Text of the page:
Dyslexia and Creativity
Dr. John Russell
The renowned scientist Dr. Norman Geschwind (1982) posited that dyslexia’s advantages may outweigh its disadvantages, stating, “One of the most important lessons to be learned from the genetic study of many diseases in recent years has been that the paradoxically high frequency of certain conditions is explained by the fact that the important advantages conferred on those who carry the predisposition to these conditions may outweigh the obvious dramatic disadvantages.” Does the high frequency of dyslexia (at least 10 percent of the population is dyslexic) mean that there must be advantages associated with it?
In their trailblazing book, The Dyslexic Advantage (2012), Brock and Fernette Eide maintain that individuals with dyslexia share a unique learning difference that can create advantages in the classroom, on the job, or at home. They argue that “cutting-edge research” shows that dyslexics perceive the written word differently but also excel at spatial reasoning and interconnected thinking and often display amazing creativity. Following this same line of thinking Sir Richard Branson wrote in The Sunday Times (April 3, 2017), “We should see young people with dyslexia as being full of potential, not as having a disadvantage.” He went on to say, “Out in the real world, my dyslexia became my massive advantage: It helped me to think creatively and laterally, and see solutions where others saw problems.”?In May of 2017, Sir Richard launched a charity, Made by Dyslexia, to help diagnose dyslexics and change the perception of dyslexia. Both are praiseworthy goals, and the research base supporting these goals is increasing. For example, there is a large body of research confirming that dyslexics have the same range of cognitive abilities as non-dyslexics (Shaywitz, 2000), and the research supporting the proposition that dyslexia conveys with it certain gifts continues to emerge (Hoeft, 2016).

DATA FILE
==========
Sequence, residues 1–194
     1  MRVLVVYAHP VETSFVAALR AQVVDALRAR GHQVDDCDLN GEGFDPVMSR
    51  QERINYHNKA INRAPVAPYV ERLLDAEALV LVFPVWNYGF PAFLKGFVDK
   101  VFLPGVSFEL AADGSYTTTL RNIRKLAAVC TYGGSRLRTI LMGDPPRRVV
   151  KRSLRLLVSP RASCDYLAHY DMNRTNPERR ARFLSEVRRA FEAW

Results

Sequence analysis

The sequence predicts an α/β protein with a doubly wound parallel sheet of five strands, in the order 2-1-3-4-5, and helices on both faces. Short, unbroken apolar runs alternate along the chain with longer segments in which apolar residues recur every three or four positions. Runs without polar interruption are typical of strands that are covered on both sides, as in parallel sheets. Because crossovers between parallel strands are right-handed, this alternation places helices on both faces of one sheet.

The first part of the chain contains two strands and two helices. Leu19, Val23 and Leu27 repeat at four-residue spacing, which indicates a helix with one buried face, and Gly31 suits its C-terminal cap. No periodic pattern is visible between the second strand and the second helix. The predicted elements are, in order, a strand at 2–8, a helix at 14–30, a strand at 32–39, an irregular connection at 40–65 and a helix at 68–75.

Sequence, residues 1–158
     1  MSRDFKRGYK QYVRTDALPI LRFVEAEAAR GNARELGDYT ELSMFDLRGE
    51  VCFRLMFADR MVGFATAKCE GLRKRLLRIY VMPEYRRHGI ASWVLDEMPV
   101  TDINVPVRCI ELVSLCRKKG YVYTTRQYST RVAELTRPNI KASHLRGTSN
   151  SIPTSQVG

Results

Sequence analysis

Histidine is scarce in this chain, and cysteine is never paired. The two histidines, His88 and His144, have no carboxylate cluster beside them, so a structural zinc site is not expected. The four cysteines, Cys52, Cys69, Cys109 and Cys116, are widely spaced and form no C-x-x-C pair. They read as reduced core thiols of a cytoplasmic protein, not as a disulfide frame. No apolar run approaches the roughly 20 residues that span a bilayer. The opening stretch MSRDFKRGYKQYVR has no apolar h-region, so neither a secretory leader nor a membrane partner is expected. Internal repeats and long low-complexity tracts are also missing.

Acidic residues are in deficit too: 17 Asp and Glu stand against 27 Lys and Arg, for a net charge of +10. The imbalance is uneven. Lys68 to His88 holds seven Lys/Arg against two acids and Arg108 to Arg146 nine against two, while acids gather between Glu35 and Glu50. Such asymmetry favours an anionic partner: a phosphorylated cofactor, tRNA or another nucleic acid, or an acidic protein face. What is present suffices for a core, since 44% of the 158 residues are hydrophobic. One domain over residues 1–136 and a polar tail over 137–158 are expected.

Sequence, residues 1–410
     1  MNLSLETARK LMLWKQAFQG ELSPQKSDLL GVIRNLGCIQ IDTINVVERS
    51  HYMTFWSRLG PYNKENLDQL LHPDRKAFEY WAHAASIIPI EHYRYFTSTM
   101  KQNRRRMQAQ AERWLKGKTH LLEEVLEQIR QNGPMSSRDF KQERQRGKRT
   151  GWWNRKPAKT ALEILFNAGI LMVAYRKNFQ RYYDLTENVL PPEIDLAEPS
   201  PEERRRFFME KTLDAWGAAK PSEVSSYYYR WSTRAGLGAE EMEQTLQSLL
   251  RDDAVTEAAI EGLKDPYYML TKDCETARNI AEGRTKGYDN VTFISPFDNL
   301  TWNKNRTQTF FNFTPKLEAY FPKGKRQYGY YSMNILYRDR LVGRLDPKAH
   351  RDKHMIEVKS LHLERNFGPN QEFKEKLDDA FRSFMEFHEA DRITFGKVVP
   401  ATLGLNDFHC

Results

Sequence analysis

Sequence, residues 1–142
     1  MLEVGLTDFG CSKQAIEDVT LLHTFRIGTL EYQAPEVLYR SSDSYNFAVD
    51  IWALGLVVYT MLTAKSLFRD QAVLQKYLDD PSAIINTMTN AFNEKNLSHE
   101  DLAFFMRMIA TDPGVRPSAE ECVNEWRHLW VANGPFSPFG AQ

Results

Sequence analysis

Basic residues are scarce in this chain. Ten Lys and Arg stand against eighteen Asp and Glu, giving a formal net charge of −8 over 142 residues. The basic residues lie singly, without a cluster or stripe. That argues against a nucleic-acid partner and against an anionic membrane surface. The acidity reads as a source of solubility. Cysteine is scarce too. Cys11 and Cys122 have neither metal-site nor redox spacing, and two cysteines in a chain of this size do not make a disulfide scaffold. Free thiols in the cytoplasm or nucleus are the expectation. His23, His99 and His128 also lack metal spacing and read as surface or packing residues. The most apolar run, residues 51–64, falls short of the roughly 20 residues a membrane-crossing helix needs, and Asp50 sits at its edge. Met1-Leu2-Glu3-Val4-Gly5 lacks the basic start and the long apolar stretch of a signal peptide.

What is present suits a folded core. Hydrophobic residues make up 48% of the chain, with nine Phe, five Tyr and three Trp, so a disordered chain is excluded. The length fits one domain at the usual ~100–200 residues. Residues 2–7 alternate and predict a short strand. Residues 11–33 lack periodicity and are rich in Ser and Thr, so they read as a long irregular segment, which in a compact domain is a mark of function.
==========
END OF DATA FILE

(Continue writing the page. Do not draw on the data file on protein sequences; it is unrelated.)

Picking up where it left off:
Annie Murphy Paul published an opinion piece in the New York Times (February 4, 2012) entitled The Upside of Dyslexia. In it, she posits that in recent years dyslexia research has begun to focus on identifying the ways in which people with dyslexia have skills that are superior to those of typical readers. According to Paul, the latest findings (circa 2012) on dyslexia are leading to the realization that dyslexia is not just an impediment, but also an advantage, especially in certain artistic and scientific fields.
While some evidence suggests that there is a positive association between dyslexia and creativity, some research suggests that such associations emerge in adulthood rather than in childhood and possibly as the result of adverse life experiences rather than as a direct causal result of dyslexia itself. Malcolm Gladwell, in David and Goliath: Underdogs, Misfits, and the Art of Battling Giants (2013) more optimistically (and rather cavalierly as evidenced by the life-shattering experiences of many un-remediated dyslexics) called these problematic life experiences “desirable difficulties” in that they cause many dyslexics to develop strategies to overcome the challenges presented by their dyslexia. There is, however, an abundance of anecdotal evidence suggesting a causal link between dyslexia and creativity. In Dyslexia: Profiles of Success (2016), Sally Shaywitz states, “We enthusiastically invite you to meet a group of dyslexics…who are inspiring and give truth to the fact that in case of dyslexia, slow readers can be, and indeed are, fast and creative thinkers.”
Additional research will be required to definitively determine if the creativity that dyslexics display is caused by their dyslexia or is a response to it. What is not in question are the disadvantages that dyslexics must overcome and the creativity, persistence and resilience that dyslexics so consistently display. #